Who Will Enter The Kingdom of God, Mt. 7:21-29

Jesus makes the necessary connection between “listening” to his words that reveal the will of God, and “doing” them.

Words. The power of language is concentrated in the consistent and universal meaning of words. The universal acceptance of the meaning of words is what makes language meaningful and communicable. In this sense words can be both beautiful and powerful. But language, like all created things, can also be abused and used for less than holy purposes. Yes, even the word of God can be used for purposes that are contradictory to God’s eternal and saving Word.

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At the end of Jesus’ all-encompassing “Sermon on the Mount”, Jesus gives us a perfect example of the true power and eternal meaning of his words and their connection to our actions. In Matthew 7:21-29, he says to the disciples: “Not everyone who says to me, ‘Lord, Lord’, will enter the Kingdom of heaven, but only the one who does the will of my Father in heaven.” In other words, our understanding of the true meaning of words is revealed in our actions. For example, when our actions are not consistent with our words, or when we lie, or attempt to manipulate words, especially the word of God, either out of fear or out of a desire to manipulate others for our own selfish purposes, we become hypocrites, like the scribes and Pharisees.

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Jesus’ words are very clear here and, as the people listening to his words recognized, they possess true authority. They have transcendent and eternal meaning and purpose. He says here in this passage that the one who, “listens to these words of mine and acts on them”, reveals himself as wise. When Jesus says, ‘these words of mine’ he is referring to the entirety of his teaching in his Sermon on the Mount, from the Beatitudes at the beginning of Matthew’s chapter 5, to this last statement at the end of his chapter 7. Jesus makes the necessary connection between “listening” to his words that reveal the will of God, and “doing” them.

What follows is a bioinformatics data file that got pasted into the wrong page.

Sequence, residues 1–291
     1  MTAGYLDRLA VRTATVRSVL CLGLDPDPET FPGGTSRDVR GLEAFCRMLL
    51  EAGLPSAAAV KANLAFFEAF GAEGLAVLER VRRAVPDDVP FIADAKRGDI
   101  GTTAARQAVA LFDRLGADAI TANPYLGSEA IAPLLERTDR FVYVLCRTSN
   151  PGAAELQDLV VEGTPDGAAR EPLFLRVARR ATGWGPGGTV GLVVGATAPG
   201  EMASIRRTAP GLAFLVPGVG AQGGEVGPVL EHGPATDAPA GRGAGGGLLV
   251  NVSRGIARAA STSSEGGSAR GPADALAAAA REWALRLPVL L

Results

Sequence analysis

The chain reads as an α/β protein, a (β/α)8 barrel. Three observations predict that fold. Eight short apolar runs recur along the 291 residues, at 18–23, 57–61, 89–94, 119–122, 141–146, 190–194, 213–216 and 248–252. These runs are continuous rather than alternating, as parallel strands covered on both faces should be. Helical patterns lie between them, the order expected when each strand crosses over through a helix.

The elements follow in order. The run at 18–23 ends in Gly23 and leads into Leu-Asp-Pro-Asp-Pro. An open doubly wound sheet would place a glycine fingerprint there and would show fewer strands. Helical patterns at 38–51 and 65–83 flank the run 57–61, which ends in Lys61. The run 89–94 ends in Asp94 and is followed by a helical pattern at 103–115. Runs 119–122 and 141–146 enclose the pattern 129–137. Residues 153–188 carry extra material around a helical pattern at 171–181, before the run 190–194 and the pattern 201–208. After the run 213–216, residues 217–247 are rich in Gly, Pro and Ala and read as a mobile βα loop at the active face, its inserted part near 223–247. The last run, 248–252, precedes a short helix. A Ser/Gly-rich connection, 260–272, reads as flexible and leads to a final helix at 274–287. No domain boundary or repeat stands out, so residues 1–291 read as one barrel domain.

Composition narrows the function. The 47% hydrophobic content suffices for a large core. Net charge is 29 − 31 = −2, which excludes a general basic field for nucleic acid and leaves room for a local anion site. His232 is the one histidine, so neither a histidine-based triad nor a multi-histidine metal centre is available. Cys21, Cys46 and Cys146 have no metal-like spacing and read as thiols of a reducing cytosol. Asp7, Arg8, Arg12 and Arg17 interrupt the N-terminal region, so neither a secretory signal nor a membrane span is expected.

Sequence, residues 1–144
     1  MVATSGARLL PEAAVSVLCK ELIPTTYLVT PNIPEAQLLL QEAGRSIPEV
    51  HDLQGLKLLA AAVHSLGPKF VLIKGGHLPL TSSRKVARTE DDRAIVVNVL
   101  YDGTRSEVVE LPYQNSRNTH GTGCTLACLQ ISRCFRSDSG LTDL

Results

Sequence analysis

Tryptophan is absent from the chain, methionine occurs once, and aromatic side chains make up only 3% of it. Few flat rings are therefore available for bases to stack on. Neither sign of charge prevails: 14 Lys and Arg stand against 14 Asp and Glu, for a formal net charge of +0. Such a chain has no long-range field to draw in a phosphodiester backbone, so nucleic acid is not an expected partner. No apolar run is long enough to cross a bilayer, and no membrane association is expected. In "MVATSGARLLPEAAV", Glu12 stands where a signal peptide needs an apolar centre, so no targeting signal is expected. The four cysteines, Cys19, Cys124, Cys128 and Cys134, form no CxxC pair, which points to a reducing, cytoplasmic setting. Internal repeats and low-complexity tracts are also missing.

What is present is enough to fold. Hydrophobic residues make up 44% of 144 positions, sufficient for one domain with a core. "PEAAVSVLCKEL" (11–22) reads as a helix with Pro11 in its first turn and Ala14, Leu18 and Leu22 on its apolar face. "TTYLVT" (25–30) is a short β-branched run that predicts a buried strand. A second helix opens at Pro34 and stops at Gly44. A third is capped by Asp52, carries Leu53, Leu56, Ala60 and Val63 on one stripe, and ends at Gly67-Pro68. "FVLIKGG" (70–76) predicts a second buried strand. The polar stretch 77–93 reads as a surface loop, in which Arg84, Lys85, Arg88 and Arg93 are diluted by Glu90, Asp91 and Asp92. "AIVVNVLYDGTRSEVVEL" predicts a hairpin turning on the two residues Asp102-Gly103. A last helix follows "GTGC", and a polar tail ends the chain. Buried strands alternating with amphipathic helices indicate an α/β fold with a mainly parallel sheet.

He uses a parable about a man who builds his house on solid rock and how it withstands both floods and winds. That ‘rock’ represents true faith in God and His Word. If one has placed God and his word at the center of one’s life, linking oneself to that power that even here and now creates the cosmos, and lives in accord with His words, then the storms and the floods that often come into one’s life cannot and will not destroy you.

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Christianity is a demanding and serious calling. G.K. Chesterton says of it, “It is not that Christianity has been tried and found wanting, but that it has been found difficult and not been tried.” Sadly, many Christians, for manifold reasons, do cry, “Lord, Lord” but do not live up to the hard and uncompromising realities of the Word of God. These are the foolish ones who are building their imaginary houses on sandy soil. They cannot and will not withstand the storms and floods that inevitably come their way in this life.

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Let’s face it, the words and teachings of Jesus are astonishing. They are the truth in its fullness after all. But astonishment can be fleeting to sinful human beings. To use another metaphor from Jesus’ parables, the seed of his words needs to fall on fertile ground, that is the fertile ground of a faith rooted in prayer, the study of the scriptures, the keeping of the sabbath, etc., and a will so focused on God that doing his will becomes a well-developed habit.

Life is difficult, but as Christians, we have been shown the way, the truth, and the life that leads to the Kingdom of God. Will we be among the wise who willingly and humbly choose to live in accord with God’s words in our daily lives, or will we be among those who foolishly accept and follow the words of the world?

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